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Author Kang, Shujiang ♦ Lin, Henry ♦ Gburek, William J. ♦ Folmar, Gordon J. ♦ Lowery, Birl
Source World Health Organization (WHO)-Global Index Medicus
Content type Text
Publisher American Society of Agronomy
File Format HTM / HTML
Language English
Difficulty Level Medium
Subject Domain (in DDC) Social sciences ♦ Social problems & services; associations ♦ Social welfare problems & services ♦ Natural sciences & mathematics ♦ Chemistry & allied sciences ♦ Life sciences; biology ♦ Biochemistry ♦ Technology ♦ Medicine & health ♦ Personal health & safety ♦ Pharmacology and therapeutics ♦ Diseases ♦ Agriculture & related technologies ♦ Techniques, equipment & materials
Subject Domain (in MeSH) Inorganic Chemicals ♦ Chemicals and Drugs ♦ Technology, Industry, and Agriculture ♦ Technology and Food and Beverages ♦ Environment and Public Health ♦ Health Care
Subject Keyword Discipline Environmental Health ♦ Agriculture ♦ Nitrates ♦ Chemistry ♦ Water ♦ Environmental Monitoring ♦ Methods ♦ Journal Article ♦ Research Support, U.s. Gov't, Non-p.h.s.
Abstract Management of agricultural nonpoint-source pollution continues to be a challenge because of spatial and temporal variability. Using stream order as an index, we explored the distribution of nitrate concentration and load along the stream network of a large agricultural watershed in Pennsylvania-the East Mahantango Creek Watershed and two of its sub-watersheds. To understand nitrate concentration variation in the stream water contributed from ground water, this study focused on baseflow. Impacts of agricultural land use area on baseflow nitrate in the stream network were investigated. Nitrate concentration showed a general decreasing trend with increasing stream order based on stream order averaged values; however, considerable spatial and temporal variability existed within each snapshot sampling. Nitrate loads increased with stream order in a power function because of the dominant effect of stream flow rate over the nitrate concentration. Within delineated sub-watersheds based on stream orders, positive linear functions were found between agricultural land use area percentage and the baseflow nitrate concentration and between agricultural drainage area and the nitrate load. The slope of the positive linear regression between the baseflow nitrate concentration and percent agricultural land area seems to be a valuable indicator of a watershed's water quality as influenced by agricultural practices, watershed size, and specific physiographic setting. Stream order seems to integrate, to a certain degree, the source and transport aspects of nonpoint-source pollution on a yearly averaged basis and thus might provide a quick estimate of the overall trend in baseflow nitrate concentration and load distribution along complex stream networks in agricultural watersheds.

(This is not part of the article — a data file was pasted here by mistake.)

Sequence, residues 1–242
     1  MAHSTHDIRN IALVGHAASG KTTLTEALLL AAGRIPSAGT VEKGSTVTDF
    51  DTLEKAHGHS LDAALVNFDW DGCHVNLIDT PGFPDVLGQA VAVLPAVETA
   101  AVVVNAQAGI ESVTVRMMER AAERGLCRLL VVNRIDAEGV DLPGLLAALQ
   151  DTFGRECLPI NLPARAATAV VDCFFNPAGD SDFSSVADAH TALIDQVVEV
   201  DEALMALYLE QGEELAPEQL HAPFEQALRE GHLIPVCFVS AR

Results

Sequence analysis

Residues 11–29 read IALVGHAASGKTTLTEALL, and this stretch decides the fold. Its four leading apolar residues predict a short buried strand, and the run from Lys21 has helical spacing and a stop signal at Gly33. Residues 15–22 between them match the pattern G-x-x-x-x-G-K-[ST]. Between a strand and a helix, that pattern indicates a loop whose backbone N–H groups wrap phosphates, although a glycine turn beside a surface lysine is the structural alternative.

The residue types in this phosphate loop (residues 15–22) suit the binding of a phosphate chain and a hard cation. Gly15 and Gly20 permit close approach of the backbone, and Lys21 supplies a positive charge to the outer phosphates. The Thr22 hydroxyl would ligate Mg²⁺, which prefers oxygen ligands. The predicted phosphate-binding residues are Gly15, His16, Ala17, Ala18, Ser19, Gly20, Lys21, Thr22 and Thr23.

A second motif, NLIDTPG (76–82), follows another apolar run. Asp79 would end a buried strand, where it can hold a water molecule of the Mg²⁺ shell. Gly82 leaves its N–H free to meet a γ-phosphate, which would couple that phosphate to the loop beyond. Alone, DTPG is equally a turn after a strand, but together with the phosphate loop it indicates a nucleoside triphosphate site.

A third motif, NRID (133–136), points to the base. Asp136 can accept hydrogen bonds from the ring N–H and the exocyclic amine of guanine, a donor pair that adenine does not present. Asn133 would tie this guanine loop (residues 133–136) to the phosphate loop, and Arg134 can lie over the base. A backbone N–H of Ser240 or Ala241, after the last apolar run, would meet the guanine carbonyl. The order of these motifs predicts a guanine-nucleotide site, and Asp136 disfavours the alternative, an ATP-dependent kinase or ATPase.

Description Country affiliation: United States
Author Affiliation: Kang S ( Department of Crop and Soil Science, The Pennsylvania State University, University Park, PA 16802, USA.)
ISSN 00472425
Educational Role Student ♦ Teacher
Age Range above 22 year
Educational Use Reading ♦ Research ♦ Self Learning
Interactivity Type Expositive
Education Level UG and PG
Learning Resource Type Article
Publisher Date 2008-05-01
Publisher Place United States
e-ISSN 15372537
Journal Journal of Environment Quality
Volume Number 37
Issue Number 3


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Source: WHO-Global Index Medicus